CHICAGO — Around here, Patrick J. Fitzgerald, the United States attorney for the Northern District of Illinois and, lately, the overseer of the prosecution of former Gov. Rod R. Blagojevich, has been called a modern-day Eliot Ness. His name has been tossed about, without his participation, as a future mayor or governor or something. A radio host once introduced him as “the biggest Chicago guy or gal there is,” aside, maybe, from Oprah Winfrey.
So much fawning grew out of Mr. Fitzgerald’s willingness to take on seemingly anyone, whatever his or her office, with his aggressive prosecutions of mob leaders, a former police commander long accused of abuse, officials with ties to City Hall and, so far, two governors. But this week, when a jury failed to reach verdicts on all but one of 24 charges pursued against Mr. Blagojevich by three of Mr. Fitzgerald’s assistants, the outcome was widely viewed as a rare setback for Mr. Fitzgerald’s office — the largest such disappointment in a high-profile corruption case here in recent memory, former prosecutors said.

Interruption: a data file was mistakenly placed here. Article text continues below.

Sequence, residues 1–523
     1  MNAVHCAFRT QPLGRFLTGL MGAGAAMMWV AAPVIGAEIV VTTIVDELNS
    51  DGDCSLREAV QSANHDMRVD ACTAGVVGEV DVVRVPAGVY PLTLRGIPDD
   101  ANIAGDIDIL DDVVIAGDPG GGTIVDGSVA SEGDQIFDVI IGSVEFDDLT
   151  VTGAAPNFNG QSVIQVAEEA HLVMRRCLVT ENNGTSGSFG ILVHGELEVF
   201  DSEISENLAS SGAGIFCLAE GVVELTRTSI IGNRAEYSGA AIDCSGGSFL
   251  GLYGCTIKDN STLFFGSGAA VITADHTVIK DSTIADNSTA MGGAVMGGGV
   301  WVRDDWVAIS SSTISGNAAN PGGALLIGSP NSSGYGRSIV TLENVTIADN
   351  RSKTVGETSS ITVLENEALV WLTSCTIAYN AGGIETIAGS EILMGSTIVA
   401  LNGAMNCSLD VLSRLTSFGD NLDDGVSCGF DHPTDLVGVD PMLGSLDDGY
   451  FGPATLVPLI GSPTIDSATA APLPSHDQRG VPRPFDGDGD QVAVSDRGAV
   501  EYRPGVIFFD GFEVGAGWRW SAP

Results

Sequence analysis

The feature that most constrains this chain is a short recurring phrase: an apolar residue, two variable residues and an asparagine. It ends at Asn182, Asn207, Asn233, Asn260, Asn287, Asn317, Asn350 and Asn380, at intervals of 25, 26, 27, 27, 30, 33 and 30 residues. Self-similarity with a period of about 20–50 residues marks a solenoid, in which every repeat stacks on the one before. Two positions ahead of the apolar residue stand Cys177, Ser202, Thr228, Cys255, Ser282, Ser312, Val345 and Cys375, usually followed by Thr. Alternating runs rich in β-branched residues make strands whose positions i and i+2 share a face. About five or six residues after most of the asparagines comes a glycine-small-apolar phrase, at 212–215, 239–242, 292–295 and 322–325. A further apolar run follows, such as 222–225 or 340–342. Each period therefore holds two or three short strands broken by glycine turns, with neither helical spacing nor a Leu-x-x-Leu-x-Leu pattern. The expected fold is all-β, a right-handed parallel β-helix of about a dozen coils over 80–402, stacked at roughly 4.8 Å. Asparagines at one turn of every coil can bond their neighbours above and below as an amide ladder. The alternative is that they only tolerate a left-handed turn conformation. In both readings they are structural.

The outcome led some — Mr. Blagojevich and his lawyers, among them — to accuse Mr. Fitzgerald, the district’s longest-serving prosecutor, of going too far this time. The critics questioned the cost of retrying Mr. Blagojevich, as Mr. Fitzgerald has pledged to do, and the wisdom of public comments Mr. Fitzgerald made immediately after Mr. Blagojevich’s arrest about the governor’s conduct being such to make “Lincoln roll over in his grave.”
BLAGOJEVICH CASE FALLOUT